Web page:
Why would you recommend Ohio LinuxFest?
Aside from the Linux rock stars who attend annually?
Christine, they are bringing me to OHF to keynote. I’m going because there will be at least eight people there who breath the rarefied air of Linuxdom. It will be an honor just to be in the same room with some of these people. At a symposium in 2008, I sat across from Jon Hall at an informal closing dinner and drank beer with him. He probably doesn’t remember but I most certainly do and I always will. Being included in this group of history changers is an honor and it humbles me.
But seriously…Ohio Linux Fest is the largest and most popular Linux event in all of America’s heartland. If you were ever to get a chance to attend, I don’t think there is any other event in that area which will give you a sense of just how big and supportive the Linux community can be. So, yeah, if you get a chance to go, do so by all means. I can’t really describe to you the excitement I feel about attending this year.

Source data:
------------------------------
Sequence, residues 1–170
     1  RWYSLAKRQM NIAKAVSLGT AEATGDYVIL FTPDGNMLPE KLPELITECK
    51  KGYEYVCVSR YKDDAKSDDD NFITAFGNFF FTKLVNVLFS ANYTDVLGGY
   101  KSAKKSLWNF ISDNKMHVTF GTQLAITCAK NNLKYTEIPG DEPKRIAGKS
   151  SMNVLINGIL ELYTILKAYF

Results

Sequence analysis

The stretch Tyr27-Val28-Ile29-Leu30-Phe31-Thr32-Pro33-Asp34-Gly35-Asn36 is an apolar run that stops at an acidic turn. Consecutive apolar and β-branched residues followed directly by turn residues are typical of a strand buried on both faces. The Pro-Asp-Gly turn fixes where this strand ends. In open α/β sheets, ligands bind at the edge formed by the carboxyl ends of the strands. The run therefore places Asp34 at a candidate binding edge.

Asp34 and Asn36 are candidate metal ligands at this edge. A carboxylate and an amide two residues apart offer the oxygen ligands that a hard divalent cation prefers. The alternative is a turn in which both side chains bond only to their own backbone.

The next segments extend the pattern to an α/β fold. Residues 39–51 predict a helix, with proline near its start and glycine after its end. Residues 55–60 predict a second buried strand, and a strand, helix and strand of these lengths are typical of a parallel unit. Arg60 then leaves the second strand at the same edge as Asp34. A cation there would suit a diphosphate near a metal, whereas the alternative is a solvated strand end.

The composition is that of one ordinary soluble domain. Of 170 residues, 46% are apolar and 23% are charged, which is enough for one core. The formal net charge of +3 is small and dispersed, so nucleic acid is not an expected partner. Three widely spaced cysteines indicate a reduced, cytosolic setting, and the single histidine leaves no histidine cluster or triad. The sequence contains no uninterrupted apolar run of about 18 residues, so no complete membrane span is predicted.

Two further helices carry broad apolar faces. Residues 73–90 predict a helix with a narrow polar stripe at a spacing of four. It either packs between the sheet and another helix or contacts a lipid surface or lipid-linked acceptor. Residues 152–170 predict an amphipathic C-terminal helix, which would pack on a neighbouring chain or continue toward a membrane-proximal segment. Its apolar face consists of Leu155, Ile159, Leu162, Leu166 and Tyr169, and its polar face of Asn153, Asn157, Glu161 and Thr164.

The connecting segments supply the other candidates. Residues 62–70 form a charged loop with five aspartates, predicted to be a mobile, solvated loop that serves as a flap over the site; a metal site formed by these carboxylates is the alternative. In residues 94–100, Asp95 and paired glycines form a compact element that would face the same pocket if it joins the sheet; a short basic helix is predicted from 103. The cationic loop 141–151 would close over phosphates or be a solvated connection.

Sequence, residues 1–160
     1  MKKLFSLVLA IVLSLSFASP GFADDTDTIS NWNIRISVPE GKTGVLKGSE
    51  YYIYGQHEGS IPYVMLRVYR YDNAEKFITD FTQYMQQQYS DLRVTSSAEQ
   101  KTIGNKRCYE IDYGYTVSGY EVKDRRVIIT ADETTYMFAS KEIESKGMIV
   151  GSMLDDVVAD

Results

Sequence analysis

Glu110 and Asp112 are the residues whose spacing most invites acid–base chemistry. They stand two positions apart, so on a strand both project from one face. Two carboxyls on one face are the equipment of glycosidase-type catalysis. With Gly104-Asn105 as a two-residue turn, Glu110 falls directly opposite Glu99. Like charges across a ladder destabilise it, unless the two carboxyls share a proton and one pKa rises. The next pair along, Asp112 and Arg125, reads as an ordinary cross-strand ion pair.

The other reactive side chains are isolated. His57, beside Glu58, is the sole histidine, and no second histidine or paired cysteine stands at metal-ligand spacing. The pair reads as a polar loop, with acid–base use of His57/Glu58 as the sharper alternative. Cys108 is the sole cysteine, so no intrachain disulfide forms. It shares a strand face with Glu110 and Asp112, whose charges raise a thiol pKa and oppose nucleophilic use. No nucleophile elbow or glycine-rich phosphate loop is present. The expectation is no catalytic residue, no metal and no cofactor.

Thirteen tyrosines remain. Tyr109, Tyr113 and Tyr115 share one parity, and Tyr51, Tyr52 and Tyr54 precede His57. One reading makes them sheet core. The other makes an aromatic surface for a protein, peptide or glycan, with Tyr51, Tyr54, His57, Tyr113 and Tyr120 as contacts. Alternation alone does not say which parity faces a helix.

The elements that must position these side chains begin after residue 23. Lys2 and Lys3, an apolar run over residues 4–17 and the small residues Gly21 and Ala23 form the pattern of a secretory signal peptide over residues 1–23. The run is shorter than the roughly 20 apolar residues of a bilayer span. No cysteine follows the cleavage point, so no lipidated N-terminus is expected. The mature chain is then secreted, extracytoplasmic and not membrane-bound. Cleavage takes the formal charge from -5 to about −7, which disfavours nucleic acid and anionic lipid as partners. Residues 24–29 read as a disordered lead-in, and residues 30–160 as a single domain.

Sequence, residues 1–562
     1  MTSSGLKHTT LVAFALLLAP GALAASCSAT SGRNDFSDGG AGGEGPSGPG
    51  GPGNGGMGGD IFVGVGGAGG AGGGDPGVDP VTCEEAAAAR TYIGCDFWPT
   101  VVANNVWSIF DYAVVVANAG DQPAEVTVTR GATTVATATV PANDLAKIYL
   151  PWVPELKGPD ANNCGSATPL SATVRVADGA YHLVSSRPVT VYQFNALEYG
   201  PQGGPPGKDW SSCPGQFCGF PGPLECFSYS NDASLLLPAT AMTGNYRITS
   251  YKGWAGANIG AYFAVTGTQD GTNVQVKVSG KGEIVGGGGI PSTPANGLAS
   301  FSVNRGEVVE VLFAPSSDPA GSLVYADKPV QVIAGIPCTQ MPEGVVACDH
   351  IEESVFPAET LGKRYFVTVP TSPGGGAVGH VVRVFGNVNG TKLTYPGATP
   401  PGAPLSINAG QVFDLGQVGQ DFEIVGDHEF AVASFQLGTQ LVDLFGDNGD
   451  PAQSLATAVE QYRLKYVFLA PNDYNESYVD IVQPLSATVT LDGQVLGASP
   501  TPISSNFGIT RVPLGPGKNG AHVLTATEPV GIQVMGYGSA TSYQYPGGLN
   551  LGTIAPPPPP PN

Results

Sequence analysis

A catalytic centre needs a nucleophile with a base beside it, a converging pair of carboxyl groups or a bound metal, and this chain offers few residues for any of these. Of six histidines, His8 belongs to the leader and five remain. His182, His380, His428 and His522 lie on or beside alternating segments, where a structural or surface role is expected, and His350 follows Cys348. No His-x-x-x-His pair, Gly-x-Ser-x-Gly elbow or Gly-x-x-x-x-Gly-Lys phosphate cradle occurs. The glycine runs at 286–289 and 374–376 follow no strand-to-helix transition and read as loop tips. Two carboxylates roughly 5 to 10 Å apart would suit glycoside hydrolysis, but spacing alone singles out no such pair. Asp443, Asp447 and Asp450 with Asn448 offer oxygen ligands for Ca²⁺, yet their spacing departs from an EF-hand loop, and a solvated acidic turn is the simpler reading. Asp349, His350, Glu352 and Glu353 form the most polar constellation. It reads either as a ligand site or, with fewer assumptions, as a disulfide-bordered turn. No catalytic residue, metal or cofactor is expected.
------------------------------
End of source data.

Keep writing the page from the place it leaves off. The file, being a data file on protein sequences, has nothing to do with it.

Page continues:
Ohio LinuxFest 2014 will be held October 24th through the 26th at the Greater Columbus Convention Center in downtown Columbus, Ohio. Admission is free for those who register online or $5.00 at the door.